I will say that trying to compare storms is tiresome. There are just too many factors to compare. For instance, the topography of the ocean floor also plays a roll in the height of storm surge in an area. The 200+ mile wide hurricane windfield of Ivan is the largest I can recall making landfall. I would even suppose that if Ivan had hit a large population then it would have been more costly than Andrew. Those Cat 5 storms are usually small and compact.

Was Charlie bad ... of course...
Was Ivan... Yes
Is any hurricane? Yup!

That's why it's tiresome. It's tough to tell someone who lost their entire home and belongings that the hurricane that wiped them out wasn't devestating. Sure, some are more powerful, but they are all bad.
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402. Joshfsu123
7:33 PM GMT on August 27, 2005
BTW, to all the people who are leaving, Don't come to Tallahassee. Jim Cantore said you should head over our way but classes at FSU, FAMU and TCC begin on Monday and we are already packed enough. We don't need anymore people.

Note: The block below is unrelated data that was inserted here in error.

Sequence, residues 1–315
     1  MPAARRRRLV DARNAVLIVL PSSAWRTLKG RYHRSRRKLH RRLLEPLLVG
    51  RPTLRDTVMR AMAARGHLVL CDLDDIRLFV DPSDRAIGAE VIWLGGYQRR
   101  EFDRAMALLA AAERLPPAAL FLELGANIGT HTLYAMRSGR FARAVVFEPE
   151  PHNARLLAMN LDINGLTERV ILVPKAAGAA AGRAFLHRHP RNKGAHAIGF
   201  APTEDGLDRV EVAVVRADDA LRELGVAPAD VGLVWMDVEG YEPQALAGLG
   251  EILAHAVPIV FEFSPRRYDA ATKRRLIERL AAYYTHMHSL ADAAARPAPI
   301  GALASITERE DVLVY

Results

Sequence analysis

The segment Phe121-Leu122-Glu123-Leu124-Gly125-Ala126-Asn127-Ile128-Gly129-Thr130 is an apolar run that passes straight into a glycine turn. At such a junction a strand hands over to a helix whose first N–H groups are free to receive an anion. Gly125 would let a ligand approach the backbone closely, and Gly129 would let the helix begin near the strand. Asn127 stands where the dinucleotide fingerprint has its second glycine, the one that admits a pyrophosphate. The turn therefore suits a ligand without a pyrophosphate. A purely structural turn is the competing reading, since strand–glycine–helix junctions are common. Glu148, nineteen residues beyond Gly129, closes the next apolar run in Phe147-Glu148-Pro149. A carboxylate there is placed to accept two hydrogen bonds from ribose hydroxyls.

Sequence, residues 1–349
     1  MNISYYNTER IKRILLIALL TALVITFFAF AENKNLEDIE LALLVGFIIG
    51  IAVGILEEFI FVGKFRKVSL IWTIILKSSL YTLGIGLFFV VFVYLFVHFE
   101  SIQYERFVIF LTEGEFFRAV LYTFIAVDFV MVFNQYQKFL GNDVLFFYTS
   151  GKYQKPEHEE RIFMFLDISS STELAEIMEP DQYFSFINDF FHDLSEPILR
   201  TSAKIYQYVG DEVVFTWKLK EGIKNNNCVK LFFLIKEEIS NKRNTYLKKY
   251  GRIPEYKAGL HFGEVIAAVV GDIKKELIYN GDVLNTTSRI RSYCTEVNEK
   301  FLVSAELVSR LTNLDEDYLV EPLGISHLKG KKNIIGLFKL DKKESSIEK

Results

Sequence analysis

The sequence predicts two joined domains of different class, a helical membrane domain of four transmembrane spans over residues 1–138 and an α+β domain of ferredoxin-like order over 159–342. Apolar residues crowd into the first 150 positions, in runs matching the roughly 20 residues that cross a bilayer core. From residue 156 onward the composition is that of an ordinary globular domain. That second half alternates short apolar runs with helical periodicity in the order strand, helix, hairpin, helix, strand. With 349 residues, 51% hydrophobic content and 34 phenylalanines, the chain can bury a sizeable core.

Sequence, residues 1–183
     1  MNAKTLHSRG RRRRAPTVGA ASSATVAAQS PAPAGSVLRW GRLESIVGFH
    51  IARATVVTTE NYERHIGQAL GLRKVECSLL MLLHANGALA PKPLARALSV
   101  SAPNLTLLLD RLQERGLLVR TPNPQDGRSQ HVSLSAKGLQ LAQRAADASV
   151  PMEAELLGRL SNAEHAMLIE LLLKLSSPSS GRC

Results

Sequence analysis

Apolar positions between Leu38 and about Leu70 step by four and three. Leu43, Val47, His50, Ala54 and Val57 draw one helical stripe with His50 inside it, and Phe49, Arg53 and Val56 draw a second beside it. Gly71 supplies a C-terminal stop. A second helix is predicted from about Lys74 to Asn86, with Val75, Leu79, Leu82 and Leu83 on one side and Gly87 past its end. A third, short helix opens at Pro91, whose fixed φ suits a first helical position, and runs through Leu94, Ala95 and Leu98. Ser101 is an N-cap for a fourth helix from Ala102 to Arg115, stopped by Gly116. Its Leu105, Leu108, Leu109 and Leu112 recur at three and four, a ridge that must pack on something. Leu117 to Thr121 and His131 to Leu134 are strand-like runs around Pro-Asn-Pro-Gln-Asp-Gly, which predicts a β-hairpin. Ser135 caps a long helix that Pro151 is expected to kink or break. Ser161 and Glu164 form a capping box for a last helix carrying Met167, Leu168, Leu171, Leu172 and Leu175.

I'm sure Jacksonville would love to have you.

Member Since: July 6, 2005 Posts: 5 Comments: 578
401. bigpoppapascagoula
2:35 PM CDT on August 27, 2005
Here's a shoutout to my friend Dan...reading the boards...sweating it out in Pensacola with a pregnant wife... it's going to be okie dokie!
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400. bigpoppapascagoula
2:33 PM CDT on August 27, 2005
I'll check back later ... thanks for all the interesting information.
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399. EZMonster
7:29 PM GMT on August 27, 2005
Do a 30-image, medium ZOOM water vapor loop on the GOES12 satellite (about 4.5 hr). The amount of water the storm has pulled into it in that time is frightening.

http://www.ghcc.msfc.nasa.gov/GOES/goeseastconus.html

398. StormJunkie
7:32 PM GMT on August 27, 2005
That is what I have been thinkg all along Salter. Bad damage all the way from Charleston to Charolete.
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397. MSY68
7:32 PM GMT on August 27, 2005
LOOKS LIEK NO IS TAKING IT SERIOUSLY NOW...im gonna wait until tonight to decide whether to go
396. thunderswc
7:29 PM GMT on August 27, 2005
Hey Paul, et. al....the WU's favorite Jewish OBGYN here. Sorry I never got on the party plan. The week after the last storm, I lost my Dad.